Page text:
What do they do?

Collect evidence at crime scene, classify and identify fingerprints, and photograph evidence for use in criminal and civil cases.

Also known as:

Community Service Officer, Crime Lab Analyst (Crime Laboratory Analyst), Crime Scene Evidence Technician, Crime Scene Investigator, Crime Scene Specialist, Crime Scene Technician, Criminalist, Evidence Custodian, Evidence Technician, Field Evidence Technician, Field Identification Specialist, Forensic Identification Specialist, Forensic Science Examiner, Forensic Scientist, Forensic Sergeant, Forensic Specialist, Identification Officer, Identification Technician, Latent Fingerprint Examiner, Latent Print Examiner, Police Crime Scene Technician

Typical Wages

Projected Growth Rate

Employment of Detectives and Criminal Investigators is projected to show little or no change from 2020 to 2030.

Projected Employment in VA

No Data Available
  • 1.2%

    Change

    Ranks #41 in job growth rate
    240

    Job Openings

    Ranks #11 in net job growth

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Education Level

Percent of workers in this field with these degrees:

  • Doctorate or Professional Degree  (3%)
  • Master's degree  (16%)
  • Bachelor's degree  (43%)
  • Associate's degree  (10%)
  • Some college, no degree  (19%)
  • High school diploma equivalent  (9%)
  • Less than high school diploma  (<1%)

Typical College Majors

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People in this career often have these skills:

  • Active Listening - Giving full attention to what other people are saying, taking time to understand the points being made, asking questions as appropriate, and not interrupting at inappropriate times.
  • Critical Thinking - Using logic and reasoning to identify the strengths and weaknesses of alternative solutions, conclusions, or approaches to problems.
  • Speaking - Talking to others to convey information effectively.
  • Reading Comprehension - Understanding written sentences and paragraphs in work-related documents.
  • Writing - Communicating effectively in writing as appropriate for the needs of the audience.

People in this career often know a lot about:

  • Law and Government - Knowledge of laws, legal codes, court procedures, precedents, government regulations, executive orders, agency rules, and the democratic political process.
  • English Language - Knowledge of the structure and content of the English language including the meaning and spelling of words, rules of composition, and grammar.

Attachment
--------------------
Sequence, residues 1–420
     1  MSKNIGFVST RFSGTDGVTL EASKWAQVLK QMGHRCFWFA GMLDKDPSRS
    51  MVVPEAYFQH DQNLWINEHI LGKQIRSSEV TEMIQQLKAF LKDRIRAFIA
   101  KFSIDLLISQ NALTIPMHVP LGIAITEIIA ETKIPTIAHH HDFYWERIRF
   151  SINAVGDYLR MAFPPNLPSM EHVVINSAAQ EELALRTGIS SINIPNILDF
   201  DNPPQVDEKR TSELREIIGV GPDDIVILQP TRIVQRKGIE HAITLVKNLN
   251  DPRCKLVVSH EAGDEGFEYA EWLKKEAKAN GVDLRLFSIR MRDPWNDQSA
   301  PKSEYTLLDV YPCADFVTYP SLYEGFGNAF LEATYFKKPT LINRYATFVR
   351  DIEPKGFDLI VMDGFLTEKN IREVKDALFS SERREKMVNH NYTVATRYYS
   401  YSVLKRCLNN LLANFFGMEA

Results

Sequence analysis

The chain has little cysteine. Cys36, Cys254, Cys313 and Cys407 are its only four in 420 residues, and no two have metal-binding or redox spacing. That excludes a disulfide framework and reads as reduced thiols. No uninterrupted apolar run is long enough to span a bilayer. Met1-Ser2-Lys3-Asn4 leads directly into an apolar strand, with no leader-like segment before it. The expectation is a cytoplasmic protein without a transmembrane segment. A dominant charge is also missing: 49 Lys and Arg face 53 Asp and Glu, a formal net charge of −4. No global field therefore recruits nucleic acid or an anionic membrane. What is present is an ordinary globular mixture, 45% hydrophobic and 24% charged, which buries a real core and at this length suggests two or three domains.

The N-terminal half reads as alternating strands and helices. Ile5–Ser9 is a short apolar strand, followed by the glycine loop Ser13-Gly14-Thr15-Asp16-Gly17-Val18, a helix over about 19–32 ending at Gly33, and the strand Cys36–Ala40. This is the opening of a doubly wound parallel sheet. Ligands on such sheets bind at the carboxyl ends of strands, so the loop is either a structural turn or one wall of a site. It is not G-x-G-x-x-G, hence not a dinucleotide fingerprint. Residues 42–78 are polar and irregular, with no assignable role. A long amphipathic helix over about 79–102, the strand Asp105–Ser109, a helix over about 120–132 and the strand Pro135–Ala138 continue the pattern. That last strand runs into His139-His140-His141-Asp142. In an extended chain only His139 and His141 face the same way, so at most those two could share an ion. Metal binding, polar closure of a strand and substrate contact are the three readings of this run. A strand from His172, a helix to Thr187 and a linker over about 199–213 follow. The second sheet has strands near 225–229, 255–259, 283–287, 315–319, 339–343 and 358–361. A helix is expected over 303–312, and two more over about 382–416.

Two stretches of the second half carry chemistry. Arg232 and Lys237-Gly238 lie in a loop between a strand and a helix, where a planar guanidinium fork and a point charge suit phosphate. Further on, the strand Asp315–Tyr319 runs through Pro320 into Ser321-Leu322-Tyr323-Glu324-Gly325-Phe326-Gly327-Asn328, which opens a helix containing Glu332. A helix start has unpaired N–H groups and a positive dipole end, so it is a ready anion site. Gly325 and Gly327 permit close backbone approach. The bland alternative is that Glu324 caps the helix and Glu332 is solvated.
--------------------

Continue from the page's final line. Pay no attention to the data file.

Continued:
• Public Safety and Security - Knowledge of relevant equipment, policies, procedures, and strategies to promote effective local, state, or national security operations for the protection of people, data, property, and institutions.
  • Customer and Personal Service - Knowledge of principles and processes for providing customer and personal services. This includes customer needs assessment, meeting quality standards for services, and evaluation of customer satisfaction.

People in this career often have talent in:

  • Oral Comprehension - The ability to listen to and understand information and ideas presented through spoken words and sentences.
  • Written Comprehension - The ability to read and understand information and ideas presented in writing.
  • Inductive Reasoning - The ability to combine pieces of information to form general rules or conclusions (includes finding a relationship among seemingly unrelated events).
  • Deductive Reasoning - The ability to apply general rules to specific problems to produce answers that make sense.
  • Information Ordering - The ability to arrange things or actions in a certain order or pattern according to a specific rule or set of rules (e.g., patterns of numbers, letters, words, pictures, mathematical operations).
  • Near Vision - The ability to see details at close range (within a few feet of the observer).
  • Oral Expression - The ability to communicate information and ideas in speaking so others will understand.
  • Written Expression - The ability to communicate information and ideas in writing so others will understand.
  • Problem Sensitivity - The ability to tell when something is wrong or is likely to go wrong. It does not involve solving the problem, only recognizing that there is a problem.
  • Flexibility of Closure - The ability to identify or detect a known pattern (a figure, object, word, or sound) that is hidden in other distracting material.
  • Speech Clarity - The ability to speak clearly so others can understand you.
  • Speech Recognition - The ability to identify and understand the speech of another person.
  • Category Flexibility - The ability to generate or use different sets of rules for combining or grouping things in different ways.

People in this career often do these activities:

  • Document legal or regulatory information.
  • Write operational reports.
  • Process forensic or legal evidence in accordance with procedures.
  • Testify at legal or legislative proceedings.
  • Analyze crime scene evidence.
  • Examine crime scenes to obtain evidence.
  • Interview people to gather information about criminal activities.
  • Record crime or accident scene evidence with video or still cameras.
  • Respond to emergencies to provide assistance.
  • Draw detailed or technical illustrations.
  • Use databases to locate investigation details or other information.
  • Collaborate with law enforcement or security agencies to share information.
  • Direct employee training programs.

This page includes data from:

O*NET OnLine Career data: O*NET 28.1 Database by the U.S. Department of Labor, Employment and Training Administration (“USDOL/ETA”). Used under the CC BY 4.0 license. O*NET® is a trademark of USDOL/ETA

U.S. Bureau of Labor Statistics Logo Occupation statistics: USDOL U.S. Bureau of Labor Statistics Occupational Employment Statistics

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